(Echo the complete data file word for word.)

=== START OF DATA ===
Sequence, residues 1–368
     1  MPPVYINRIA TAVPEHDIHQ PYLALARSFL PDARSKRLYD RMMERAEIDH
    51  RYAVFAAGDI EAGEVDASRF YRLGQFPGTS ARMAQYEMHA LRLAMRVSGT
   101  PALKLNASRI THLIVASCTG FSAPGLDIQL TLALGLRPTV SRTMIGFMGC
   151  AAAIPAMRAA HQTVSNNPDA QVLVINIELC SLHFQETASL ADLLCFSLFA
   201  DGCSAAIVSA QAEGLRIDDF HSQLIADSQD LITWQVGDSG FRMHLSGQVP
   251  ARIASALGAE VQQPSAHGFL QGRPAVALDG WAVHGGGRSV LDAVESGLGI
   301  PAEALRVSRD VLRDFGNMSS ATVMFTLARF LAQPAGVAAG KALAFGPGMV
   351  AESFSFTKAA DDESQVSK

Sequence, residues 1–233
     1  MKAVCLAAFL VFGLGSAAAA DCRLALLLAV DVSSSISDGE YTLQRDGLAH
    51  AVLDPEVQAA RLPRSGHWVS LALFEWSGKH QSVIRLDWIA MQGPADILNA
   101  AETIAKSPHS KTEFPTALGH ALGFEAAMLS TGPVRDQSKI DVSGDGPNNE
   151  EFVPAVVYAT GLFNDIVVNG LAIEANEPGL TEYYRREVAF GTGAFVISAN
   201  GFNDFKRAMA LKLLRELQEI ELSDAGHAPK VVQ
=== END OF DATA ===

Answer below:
Sequence, residues 1–368
     1  MPPVYINRIA TAVPEHDIHQ PYLALARSFL PDARSKRLYD RMMERAEIDH
    51  RYAVFAAGDI EAGEVDASRF YRLGQFPGTS ARMAQYEMHA LRLAMRVSGT
   101  PALKLNASRI THLIVASCTG FSAPGLDIQL TLALGLRPTV SRTMIGFMGC
   151  AAAIPAMRAA HQTVSNNPDA QVLVINIELC SLHFQETASL ADLLCFSLFA
   201  DGCSAAIVSA QAEGLRIDDF HSQLIADSQD LITWQVGDSG FRMHLSGQVP
   251  ARIASALGAE VQQPSAHGFL QGRPAVALDG WAVHGGGRSV LDAVESGLGI
   301  PAEALRVSRD VLRDFGNMSS ATVMFTLARF LAQPAGVAAG KALAFGPGMV
   351  AESFSFTKAA DDESQVSK

Sequence, residues 1–233
     1  MKAVCLAAFL VFGLGSAAAA DCRLALLLAV DVSSSISDGE YTLQRDGLAH
    51  AVLDPEVQAA RLPRSGHWVS LALFEWSGKH QSVIRLDWIA MQGPADILNA
   101  AETIAKSPHS KTEFPTALGH ALGFEAAMLS TGPVRDQSKI DVSGDGPNNE
   151  EFVPAVVYAT GLFNDIVVNG LAIEANEPGL TEYYRREVAF GTGAFVISAN
   201  GFNDFKRAMA LKLLRELQEI ELSDAGHAPK VVQ